Enterprise mashups aren’t as happening as consumer mashups, as we’ve discussed here once before. This is primarily because enterprise mashups aren’t as easy to create compared to their consumer counterparts.
One reason is that the most popular mashups today are browser-based. This means that querying different data sources, filtering and combining of data and rendering it in a proper format is all done within the confines of the browser. However, this cannot be the case in an enterprise, where data is quite heterogeneous – it resides in different formats, in different places, with different access limits. This is where server-based mashups come into the picture.
Mashup servers can deal with disparate data sources and even allow users to mashup sources without understanding the differences between the various data formats. A mashup server can also provide a visual drag-and-drop interface for easy creation of mashups and allow users to share mashups through pre-built, server managed interfaces via everyday tools like spreadsheets, email and portals.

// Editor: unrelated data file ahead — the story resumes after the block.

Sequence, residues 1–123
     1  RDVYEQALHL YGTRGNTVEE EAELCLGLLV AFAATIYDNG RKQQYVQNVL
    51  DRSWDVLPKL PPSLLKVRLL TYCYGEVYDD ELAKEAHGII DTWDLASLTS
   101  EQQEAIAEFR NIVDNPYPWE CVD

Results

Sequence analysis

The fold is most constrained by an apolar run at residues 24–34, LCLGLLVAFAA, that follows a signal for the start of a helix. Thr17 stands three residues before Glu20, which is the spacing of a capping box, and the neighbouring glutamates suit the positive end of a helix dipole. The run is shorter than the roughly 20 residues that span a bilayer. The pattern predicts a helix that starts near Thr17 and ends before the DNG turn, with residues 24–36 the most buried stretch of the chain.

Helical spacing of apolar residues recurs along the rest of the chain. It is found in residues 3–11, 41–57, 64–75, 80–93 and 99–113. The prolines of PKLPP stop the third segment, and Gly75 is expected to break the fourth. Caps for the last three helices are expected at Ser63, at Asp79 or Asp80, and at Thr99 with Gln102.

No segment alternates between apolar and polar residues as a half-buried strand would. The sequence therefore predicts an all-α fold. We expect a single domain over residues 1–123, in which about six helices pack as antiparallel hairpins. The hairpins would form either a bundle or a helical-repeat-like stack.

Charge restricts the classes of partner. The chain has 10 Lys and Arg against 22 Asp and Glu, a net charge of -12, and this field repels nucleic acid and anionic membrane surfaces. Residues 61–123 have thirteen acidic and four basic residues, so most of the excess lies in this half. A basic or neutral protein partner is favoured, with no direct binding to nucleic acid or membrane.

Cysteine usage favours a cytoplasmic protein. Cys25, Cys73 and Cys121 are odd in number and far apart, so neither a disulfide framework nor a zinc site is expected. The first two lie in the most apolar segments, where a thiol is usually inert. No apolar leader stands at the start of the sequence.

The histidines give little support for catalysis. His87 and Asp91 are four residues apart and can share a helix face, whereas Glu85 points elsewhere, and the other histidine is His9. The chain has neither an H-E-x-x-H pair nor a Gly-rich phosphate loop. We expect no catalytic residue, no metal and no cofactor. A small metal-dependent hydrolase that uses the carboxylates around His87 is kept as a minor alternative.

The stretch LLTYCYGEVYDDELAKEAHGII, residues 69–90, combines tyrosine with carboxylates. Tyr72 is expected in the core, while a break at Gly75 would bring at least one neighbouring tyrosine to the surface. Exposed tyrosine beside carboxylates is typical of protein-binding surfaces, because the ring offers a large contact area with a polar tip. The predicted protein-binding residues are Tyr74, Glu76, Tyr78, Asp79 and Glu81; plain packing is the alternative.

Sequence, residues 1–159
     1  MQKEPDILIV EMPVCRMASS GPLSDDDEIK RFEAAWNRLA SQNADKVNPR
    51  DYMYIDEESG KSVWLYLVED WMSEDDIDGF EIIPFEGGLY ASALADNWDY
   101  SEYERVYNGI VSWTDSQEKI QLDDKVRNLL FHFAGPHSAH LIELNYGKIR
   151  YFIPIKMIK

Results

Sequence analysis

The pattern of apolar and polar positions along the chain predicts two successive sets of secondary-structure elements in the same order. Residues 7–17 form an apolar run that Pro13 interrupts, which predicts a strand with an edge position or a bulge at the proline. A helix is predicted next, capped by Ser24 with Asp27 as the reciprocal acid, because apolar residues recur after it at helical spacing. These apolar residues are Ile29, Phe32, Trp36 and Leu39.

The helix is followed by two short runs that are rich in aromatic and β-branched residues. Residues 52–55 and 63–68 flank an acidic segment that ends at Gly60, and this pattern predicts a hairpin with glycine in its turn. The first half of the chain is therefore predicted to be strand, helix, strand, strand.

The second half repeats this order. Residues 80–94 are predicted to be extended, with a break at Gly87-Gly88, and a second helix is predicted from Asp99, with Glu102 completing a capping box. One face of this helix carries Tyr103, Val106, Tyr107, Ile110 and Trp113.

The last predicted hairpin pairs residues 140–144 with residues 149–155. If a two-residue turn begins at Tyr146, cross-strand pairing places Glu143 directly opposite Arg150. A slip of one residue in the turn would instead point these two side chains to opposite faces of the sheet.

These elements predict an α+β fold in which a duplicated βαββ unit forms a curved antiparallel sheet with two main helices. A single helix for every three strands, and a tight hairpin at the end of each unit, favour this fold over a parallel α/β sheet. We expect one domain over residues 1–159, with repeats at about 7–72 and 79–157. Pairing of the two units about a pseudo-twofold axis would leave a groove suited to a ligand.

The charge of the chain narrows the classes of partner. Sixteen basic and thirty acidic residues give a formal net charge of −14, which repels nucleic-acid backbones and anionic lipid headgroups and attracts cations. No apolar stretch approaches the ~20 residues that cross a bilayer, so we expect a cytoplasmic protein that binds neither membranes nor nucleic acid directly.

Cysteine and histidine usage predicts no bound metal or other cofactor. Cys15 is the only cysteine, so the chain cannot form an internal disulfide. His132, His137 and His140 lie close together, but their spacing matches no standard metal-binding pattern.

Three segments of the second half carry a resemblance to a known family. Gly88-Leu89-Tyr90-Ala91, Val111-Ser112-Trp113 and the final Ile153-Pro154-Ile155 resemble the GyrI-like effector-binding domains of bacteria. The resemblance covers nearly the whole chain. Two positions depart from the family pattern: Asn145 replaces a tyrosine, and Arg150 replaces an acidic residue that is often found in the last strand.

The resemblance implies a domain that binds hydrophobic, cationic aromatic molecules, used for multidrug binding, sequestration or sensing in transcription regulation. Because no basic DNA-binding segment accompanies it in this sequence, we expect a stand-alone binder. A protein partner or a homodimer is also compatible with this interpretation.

Most importantly, a mashup server can safely store authentication and authorization information and be connected to an enterprise’s own authentication and monitoring toolsets. However, setting up the mashup server, feeding it with formal services and connecting it to security, governance and connection tools calls for the involvement of IT personnel, without which the enterprise mashup space cannot make much progress.
Faster and better access to external and internal data sources, reuse of existing resources and newer ways to use information are some of the advantages of mashups without costly investments and middlemen. Another big advantage that mashups can bring about is to complement SOA, if it is being implemented across an enterprise and to very quickly and visually represent the ROI of SOA to end-users.